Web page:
You are in your favourite chair, Bible open before you, prayerfully wrestling with a passage. You desire to gain helpful spiritual insights that will move you forward in your maturity as a follower of Christ. But today’s passage is particularly difficult. It is not immediately obvious what the Spirit inspired author means.
What do you do? Two possibilities lie before you. First, like the Levite and Priest in Jesus’ story of the good Samaritan, you could pass by the text and move on swiftly to another passage that is easier to understand. (Haven’t we all done that?) Alternatively, you could enter into wrestling match with the text until it yields its meaning.
For clarity, I believe that the Scriptures’ overall message is clear. It can be understood by all who desire to know it. The Bible is the communication from God to us. God knows how to communicate. To use an impressive word, the Bible is perspicuous. However, due to various reasons, none of which are the Bible’s fault, certain passages demand more rigorous effort on our part to understand. Even Peter conceded that some things in Paul’s epistles are hard to understand (2 Peter 3:16).
wrestle with the text until it yields its meaning
Important to note is that they are not impossible, rather they are hard. Also, it is not all things in Paul, but only some things. The same can be said of some of the writings of other biblical authors. So we will stumble upon hard to understand texts in our Bible reading. Plainly then, to reap all the benefits of spiritual insight that the Scripture offers, we must be ready to expend mental energy. Sometimes, the mental rigor required will be more than at other times.
A text stood in the way
I have always been encouraged by the example of Martin Luther on this. Like in all things, he was tenacious in seeking to understand the Scriptures. The most famous breakthrough for him came as he tried to understand the meaning of the phrase ‘righteousness of God’ in Romans 1:17. You can almost feel the the wrestling of his soul in his words:
‘I hated that word “righteousness of God,” which, according to the use and custom of all the teachers, I had been taught to understand philosophically regarding the formal or active righteousness, as they call it, with which God is righteous and punishes the unrighteous sinner.’
I beat importunately upon Paul at that place, most ardently desiring to know what St Paul wanted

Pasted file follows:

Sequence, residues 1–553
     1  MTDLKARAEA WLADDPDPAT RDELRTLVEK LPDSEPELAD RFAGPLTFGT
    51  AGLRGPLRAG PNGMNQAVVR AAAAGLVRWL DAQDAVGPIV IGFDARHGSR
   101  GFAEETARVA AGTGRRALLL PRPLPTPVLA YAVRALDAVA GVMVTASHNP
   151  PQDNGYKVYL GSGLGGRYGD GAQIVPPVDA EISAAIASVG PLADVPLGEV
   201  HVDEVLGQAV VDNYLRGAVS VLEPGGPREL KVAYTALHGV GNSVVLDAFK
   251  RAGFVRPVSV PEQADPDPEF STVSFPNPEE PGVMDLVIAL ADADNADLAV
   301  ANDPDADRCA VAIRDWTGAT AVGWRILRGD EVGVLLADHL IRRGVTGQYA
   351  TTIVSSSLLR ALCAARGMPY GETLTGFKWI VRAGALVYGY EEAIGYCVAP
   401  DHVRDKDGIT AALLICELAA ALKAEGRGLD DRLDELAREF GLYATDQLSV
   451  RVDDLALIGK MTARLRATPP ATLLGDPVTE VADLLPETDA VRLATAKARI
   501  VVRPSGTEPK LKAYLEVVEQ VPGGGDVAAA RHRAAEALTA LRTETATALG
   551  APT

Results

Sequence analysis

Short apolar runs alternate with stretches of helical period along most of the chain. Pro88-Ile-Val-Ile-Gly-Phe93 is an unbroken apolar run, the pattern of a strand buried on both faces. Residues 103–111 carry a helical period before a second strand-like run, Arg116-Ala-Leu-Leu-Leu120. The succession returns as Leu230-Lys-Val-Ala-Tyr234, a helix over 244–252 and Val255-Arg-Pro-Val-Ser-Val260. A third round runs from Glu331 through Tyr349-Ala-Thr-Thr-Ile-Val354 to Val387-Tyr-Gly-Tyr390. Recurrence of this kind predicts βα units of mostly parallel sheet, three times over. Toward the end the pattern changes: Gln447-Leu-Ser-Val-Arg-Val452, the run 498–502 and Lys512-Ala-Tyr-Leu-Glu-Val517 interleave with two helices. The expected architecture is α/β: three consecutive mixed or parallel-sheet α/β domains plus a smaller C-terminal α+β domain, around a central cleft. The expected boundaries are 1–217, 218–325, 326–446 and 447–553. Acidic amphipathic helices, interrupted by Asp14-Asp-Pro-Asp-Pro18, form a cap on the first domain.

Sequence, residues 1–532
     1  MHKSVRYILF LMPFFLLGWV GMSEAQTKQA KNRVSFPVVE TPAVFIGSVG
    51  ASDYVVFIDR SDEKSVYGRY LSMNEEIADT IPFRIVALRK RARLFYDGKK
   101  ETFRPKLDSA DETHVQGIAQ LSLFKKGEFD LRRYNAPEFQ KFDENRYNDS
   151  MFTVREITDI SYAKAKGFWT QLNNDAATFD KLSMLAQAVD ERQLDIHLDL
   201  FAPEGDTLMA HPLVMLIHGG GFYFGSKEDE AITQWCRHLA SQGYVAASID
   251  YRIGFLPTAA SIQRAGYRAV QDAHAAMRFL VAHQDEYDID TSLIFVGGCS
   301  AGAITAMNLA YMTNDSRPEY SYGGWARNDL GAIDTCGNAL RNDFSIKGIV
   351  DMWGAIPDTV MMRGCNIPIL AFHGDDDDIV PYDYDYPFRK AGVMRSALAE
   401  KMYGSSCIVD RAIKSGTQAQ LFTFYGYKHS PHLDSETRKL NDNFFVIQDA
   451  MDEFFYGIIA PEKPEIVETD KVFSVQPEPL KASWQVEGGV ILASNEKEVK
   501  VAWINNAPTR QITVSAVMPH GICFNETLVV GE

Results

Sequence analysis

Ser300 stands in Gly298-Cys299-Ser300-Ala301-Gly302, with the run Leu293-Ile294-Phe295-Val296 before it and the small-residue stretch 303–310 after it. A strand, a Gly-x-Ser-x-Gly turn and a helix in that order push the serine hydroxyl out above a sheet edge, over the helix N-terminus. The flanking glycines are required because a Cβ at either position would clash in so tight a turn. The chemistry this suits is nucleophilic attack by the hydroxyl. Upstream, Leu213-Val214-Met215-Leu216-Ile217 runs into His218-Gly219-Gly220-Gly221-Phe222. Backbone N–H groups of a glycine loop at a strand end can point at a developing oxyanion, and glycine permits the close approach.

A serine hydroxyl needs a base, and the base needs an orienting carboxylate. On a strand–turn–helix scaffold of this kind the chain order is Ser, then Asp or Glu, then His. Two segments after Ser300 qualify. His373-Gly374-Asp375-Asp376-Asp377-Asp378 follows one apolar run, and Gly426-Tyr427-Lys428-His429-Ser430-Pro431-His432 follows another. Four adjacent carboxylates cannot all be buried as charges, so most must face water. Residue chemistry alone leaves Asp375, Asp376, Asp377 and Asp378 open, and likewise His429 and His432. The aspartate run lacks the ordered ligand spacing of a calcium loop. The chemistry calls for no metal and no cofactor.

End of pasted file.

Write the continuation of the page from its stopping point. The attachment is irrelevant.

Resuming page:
The effect of this faulty understanding of the phrase ‘the righteousness of God’ led Luther to have a very troubled conscience. Hear him again:
‘Though I lived as a monk without reproach, I felt that I was a sinner before God with an extremely disturbed conscience. I could not believe that he was placated by my satisfaction. I did not love, yes, I hated the righteous God who punishes sinners, and secretly, if not blasphemously, certainly murmuring greatly, I was angry with God.’
Luther’s struggle was directly related to his understanding of what the righteousness of God revealed through the gospel. To him, it meant God placed an unattainable standard on him. He knew he would never be able to meet it no matter how much he tried. And try he did.
Beating upon Paul
Then he expresses how he dealt with Paul in Romans 1:17, “Nevertheless, I beat importunately upon Paul at that place, most ardently desiring to know what St Paul wanted.” This was Luther’s Bible study method. He beat upon Paul’s words repeatedly, demanding that God give up the meaning. This wrestling with Paul led to a magnificent spiritual breakthrough for Luther.
What Luther ‘discovered’ through a rigorous study of a passage irreversibly shaped him and Christianity since
Let’s read about it at length. “At last, by the mercy of God, meditating day and night, I gave heed to the context of the words, namely, “In it the righteousness of God is revealed, as it is written, ‘He who through faith is righteous shall live.'” There I began to understand that the righteousness of God is that by which the righteous lives by a gift of God, namely by faith. And this is the meaning: the righteousness of God is revealed by the gospel, namely, the passive righteousness with which merciful God justifies us by faith, as it is written, ‘He who through faith is righteous shall live.’ Here I felt that I was altogether born again and had entered paradise itself through open gates.”
It is this breakthrough in Bible study that led to his conversion and planted the seeds for the Protestant Reformation. What Luther ‘discovered’ through a rigorous study of a passage irreversibly shaped him and Christianity since.
Wrestling until we understand
We must follow his example when we encounter difficult passages. Employ all the resources at your disposal to get underneath the text and extract its meaning. Commit yourself not to give up until you know what the author intended. As we do so, we will find that God is merciful and grants wonderful breakthroughs. These might prove to be huge for our spiritual growth.
we will find that God is merciful and grants wonderful breakthroughs
I am saying nothing of the mechanics of Bible study in this post. I am only interested in commending a particular attitude in Bible study: tenacity. I want you to be discontent with rolling over when confronted with a hard passage. Like Jacob, if I may use his overnight match with God as an illustration, I want to encourage that attitude that says to all biblical texts, ‘I will not let you go until you bless me’.